Does Parenting Get Easier as Children Get Older?
As a young mother with three children under the age of five, I often wondered if parenting would ever get any easier. When I asked moms with children older than mine if parenting gets easier when the children get older, they would smile and say, “No. Parenting doesn’t get easier. It gets . . . different.”
I hated that answer then and I still hate it now. My children are older now and I know the answer to that question. So, if you are the mother of small children and are asking me if parenting gets easier, let me assure you – YES! Parenting gets easier!
Let’s talk about when parenting will finally get easier.
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When Does Parenting Get Easier?
So if parenting does, indeed, get easier, when exactly does it start getting better? For my boys, age seven was pure magic. As it turns out, children reach what’s known as the Concrete Operational Stage around the age of seven.
What I noticed when my boys were between seven and eight (depending on their individual rate of cognitive development) was that they became more logical and much easier to persuade. The struggles of the toddler and preschooler ages were finally behind me.
The disequilibrium-induced demands of the 6-year-old child practically vanished. Now, when I suggested that my seven year old wear a jacket on a cool day, he grabbed his jacket without fuss. When I said that it was bedtime, he was ready to negotiate a specific number of stories instead of finding reason after reason to postpone sleeping.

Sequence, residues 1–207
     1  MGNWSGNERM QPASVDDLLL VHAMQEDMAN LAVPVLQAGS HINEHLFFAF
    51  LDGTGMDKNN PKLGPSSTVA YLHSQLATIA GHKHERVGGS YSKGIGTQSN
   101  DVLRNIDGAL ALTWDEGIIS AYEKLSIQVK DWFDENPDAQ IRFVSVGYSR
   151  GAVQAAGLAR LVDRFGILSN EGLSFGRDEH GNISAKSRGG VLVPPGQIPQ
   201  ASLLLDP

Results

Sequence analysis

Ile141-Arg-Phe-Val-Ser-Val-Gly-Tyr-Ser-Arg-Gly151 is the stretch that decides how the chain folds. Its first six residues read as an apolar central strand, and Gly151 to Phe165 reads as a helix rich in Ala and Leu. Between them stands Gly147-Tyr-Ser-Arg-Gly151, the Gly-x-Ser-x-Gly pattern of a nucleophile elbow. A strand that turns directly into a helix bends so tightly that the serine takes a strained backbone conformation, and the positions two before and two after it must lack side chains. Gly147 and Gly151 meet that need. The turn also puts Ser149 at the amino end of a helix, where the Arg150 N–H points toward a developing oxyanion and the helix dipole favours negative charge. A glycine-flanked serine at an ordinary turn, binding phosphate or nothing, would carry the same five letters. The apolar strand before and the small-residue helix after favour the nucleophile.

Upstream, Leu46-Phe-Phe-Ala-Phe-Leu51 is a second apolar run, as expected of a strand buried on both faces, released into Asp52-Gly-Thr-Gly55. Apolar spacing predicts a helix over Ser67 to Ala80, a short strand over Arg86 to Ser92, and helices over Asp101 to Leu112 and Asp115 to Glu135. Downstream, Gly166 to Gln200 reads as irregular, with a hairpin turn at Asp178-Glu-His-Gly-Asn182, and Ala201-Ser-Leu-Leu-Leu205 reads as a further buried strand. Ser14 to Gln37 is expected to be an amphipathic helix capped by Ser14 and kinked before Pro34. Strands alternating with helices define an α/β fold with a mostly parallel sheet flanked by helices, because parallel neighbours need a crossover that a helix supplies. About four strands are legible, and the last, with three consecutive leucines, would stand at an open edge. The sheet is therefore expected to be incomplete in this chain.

By the age of seven, my boys could actually do things all by themselves when they claimed they could!
While the personality-driven behavior of all of my children remained true to their nature, my boys at the age of seven were willing to meet me halfway. They began to understand the importance of (or least fall in line with) socially acceptable behavior.
Most importantly, they were able to truly empathize with others.
How Can I Make Parenting Easier Now?
If you’re currently parenting young children, you probably find it comforting to know that parenting gets easier. But, you still have to get through the early years with all of the demands and struggles of parenting toddlers and preschoolers.
Here are my best tips for meeting the challenge of parenting young children.
Take the Day One Hour at a Time
If all your children haven’t quite reached the sweet age where they become easier to parent, you can make your days a little brighter right now by taking it one hour at a time. It may sound like I’m oversimplifying it, but that’s exactly how I survived parenting three small children who were each two years apart in age.
In fact, my one-hour-at-a-time approach to motherhood is how Our Small Hours got its name.
By becoming aware of each hour, I was forced to realize that the tantrums were not happening all the time like I felt they were. The diaper changes were not always back-to-back. The siblings actually got along more often than they argued. (Though sibling rivalry is no joke!)